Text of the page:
Go to main content

HI 040384

Arne Duinker smells the half-frozen lump before the celebrity chef gets his hands on this unusual catch.

Photo: Erlend A. Lorentzen / Institute of Marine Research

Strange fish from the deep blue sea – are they tasty?

It looks strange, smells odd and has never been tasted before. So what happened when a celebrity chef served the “seafood of the future” to five researchers at the Institute of Marine Research?

“It looks like the dregs, to be honest”, says Arne Duinker when he sees the bag of tiny Mueller’s pearlside and krill.

He and four of his fellow scientists from the Institute of Marine Research (IMR) are at the restaurant Lysverket to taste a catch harvested 500 metres below the surface in Bjørnafjorden.

“It smells a bit odd”, says Duinker as the bag is opened and the half-frozen lump of small fish and krill slides out onto the metal tray.

“It smells of herring fat”, remarks Christopher Haatuft, the head chef at Lysverket, who is responsible for preparing the unusual catch.

It’s not a big fish, but maybe it tastes good? (Photo: Erlend A. Lorentzen / Institute of Marine Research)

10 billion tonnes

Fish that live at depths of between 200 and 1,000 metres are referred to as mesopelagic, and they represent a largely unexploited resource. There are more than 10 billion tonnes of these species in the world, according to the most optimistic estimates. In other words, 100 times the annual global fish catch. In addition, there are many species of plankton, which may be just as abundant as the fish.

“The interesting thing is that these organisms are relatively evenly spread out around the world, unlike normal fisheries”, says Webjørn Melle, a researcher at the IMR who has been studying mesopelagic fish for many years.

Many decades ago, quite a lot of research was done into these species, but it is really in the past three or four years that scientists have put the spotlight back on the creatures that live between 200 and 1,000 metres below the surface. This renewed interest reflects their potential use as a new source for animal feed or even food for the world’s growing population.

But what do these creatures taste like? We don’t know, because no-one has tasted them. Until now.

Arne Duinker, Marian Kjellevold, Webjørn Melle and Martin Wiech went to Lysverket restaurant so celebrity chef Christopher Haatuft could prepare their mesopelagic species: Mueller’s pearlside and krill. (Photo: Erlend A. Lorentzen / Institute of Marine Research)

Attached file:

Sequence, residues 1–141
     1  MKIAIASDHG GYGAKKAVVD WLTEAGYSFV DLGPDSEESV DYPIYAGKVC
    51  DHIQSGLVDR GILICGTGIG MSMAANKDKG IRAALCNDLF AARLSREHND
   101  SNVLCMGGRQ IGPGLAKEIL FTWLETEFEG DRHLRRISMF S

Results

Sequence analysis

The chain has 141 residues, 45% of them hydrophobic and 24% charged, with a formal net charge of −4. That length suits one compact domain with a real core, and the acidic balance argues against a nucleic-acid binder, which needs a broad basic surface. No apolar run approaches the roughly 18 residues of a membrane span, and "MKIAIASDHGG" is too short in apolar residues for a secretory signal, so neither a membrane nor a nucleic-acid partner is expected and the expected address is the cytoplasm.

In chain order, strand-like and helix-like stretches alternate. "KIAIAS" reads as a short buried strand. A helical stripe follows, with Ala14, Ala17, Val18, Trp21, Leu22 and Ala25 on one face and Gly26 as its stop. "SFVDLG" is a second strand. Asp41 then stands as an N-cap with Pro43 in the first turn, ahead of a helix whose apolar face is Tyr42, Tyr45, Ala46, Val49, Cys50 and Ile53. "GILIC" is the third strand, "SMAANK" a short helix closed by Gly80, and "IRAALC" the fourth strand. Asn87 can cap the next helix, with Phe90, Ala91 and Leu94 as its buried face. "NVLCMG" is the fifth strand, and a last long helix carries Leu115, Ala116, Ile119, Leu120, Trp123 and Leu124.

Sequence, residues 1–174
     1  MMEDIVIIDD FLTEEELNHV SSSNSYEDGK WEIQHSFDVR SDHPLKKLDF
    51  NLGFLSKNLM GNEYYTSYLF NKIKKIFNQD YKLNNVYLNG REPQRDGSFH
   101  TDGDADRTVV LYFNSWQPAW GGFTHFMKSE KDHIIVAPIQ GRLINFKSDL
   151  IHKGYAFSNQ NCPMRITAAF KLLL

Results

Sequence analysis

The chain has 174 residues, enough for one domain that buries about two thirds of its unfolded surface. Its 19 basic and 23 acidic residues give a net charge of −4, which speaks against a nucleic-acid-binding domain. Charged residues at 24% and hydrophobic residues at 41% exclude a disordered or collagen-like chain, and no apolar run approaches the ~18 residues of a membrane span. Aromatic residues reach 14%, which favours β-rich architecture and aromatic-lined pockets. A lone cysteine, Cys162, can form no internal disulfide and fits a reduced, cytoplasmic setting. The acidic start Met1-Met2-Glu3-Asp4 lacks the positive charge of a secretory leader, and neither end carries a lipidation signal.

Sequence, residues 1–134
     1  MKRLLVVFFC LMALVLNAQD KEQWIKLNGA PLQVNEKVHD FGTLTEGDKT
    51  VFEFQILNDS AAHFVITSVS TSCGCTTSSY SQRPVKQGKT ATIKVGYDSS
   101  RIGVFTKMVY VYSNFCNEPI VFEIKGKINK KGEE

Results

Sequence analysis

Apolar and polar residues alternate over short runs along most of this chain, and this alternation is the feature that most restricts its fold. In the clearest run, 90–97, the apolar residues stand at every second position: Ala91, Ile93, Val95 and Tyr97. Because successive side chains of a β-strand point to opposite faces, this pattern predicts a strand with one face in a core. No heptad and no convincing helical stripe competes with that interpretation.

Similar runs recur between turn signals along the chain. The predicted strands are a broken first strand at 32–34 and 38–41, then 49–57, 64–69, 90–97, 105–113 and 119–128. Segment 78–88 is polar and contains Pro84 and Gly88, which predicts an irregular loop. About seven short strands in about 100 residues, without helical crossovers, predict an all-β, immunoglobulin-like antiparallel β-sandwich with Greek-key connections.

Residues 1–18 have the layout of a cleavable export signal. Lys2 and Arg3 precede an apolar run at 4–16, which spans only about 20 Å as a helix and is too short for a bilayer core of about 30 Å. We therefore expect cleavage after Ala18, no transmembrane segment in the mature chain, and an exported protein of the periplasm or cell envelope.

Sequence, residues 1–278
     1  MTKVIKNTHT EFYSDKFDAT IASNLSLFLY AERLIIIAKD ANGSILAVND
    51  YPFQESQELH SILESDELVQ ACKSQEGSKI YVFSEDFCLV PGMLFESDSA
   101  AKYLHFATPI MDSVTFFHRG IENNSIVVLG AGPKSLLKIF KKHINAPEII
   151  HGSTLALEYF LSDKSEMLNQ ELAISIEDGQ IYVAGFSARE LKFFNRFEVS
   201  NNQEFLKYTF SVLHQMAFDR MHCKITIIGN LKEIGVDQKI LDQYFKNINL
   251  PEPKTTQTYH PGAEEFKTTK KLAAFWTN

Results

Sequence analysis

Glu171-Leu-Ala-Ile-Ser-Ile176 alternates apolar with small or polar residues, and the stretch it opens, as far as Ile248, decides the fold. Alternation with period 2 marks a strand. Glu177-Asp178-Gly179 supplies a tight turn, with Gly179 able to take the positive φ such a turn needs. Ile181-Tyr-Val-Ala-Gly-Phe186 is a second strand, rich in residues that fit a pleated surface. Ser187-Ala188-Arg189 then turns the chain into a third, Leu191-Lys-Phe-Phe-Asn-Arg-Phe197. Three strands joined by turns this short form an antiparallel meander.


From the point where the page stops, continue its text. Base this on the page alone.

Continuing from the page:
“Wow, wow, wow!”

At the restaurant in Bergen, Haatuft grabs a handful of fish and krill and throws it into a hot, dry pan. After being fried for a short time, they are ready to be tested. The marine scientists Arne Duinker, Marian Kjellevold, Martin Wiech, Webjørn Melle and Espen Strand will be the first people to taste Mueller’s pearlside and krill.

“Wow, wow, wow! Wonderful”, exclaims Duinker, gesticulating with his arms.

“Delicious”, confirms Kjellevold.

“This makes me incredibly happy. I was prepared for the worst”, says Duinker.

Haatuft grabs a handful of Mueller’s pearlside and krill and dips them in a bowl of flour, before throwing them into hot oil.

“I could perfectly well serve this at the restaurant”, says the chef, as he munches on this deep-fried mesopelagic snack.

Mesopelagic fish – a delicacy? (Photo: Erlend A. Lorentzen / Institute of Marine Research)

Can cause diarrhoea

Webjørn Melle, who went on the research mission that caught the mesopelagic “tasters” in Bjørnafjorden, also thought they tasted good.

“I was there when we caught a few hundred kilos of these organisms, but I never thought that I would actually eat them. They tasted really good, though”, he says, before quickly adding:

“The krill were best.”

Before the raw ingredients reached the restaurant, the researchers had analysed them for environmental toxins and other unwanted substances, which there were few of. “These species are also rich in important nutrients like marine omega-3 fatty acids, but a lot of research remains to be done before they can be sold as food”, says Duinker.

“We shouldn’t eat too much Mueller’s pearlside. That’s because in large quantities it can have a laxative effect”, he says.




Mesopelagic fish

  • Mesopelagic organisms live at depths of between 200 and 1,000 metres.
  • The most optimistic estimate suggests that there are more than 10 billion tonnes of mesopelagic fish in the world’s oceans.
  • In addition to fish, there are also large quantities of krill, jellyfish and cephalopods at these depths.
  • Epipelagic organisms live between the surface and a depth of 200 metres.
  • Organisms that live below 1,000 metres are known as bathypelagic.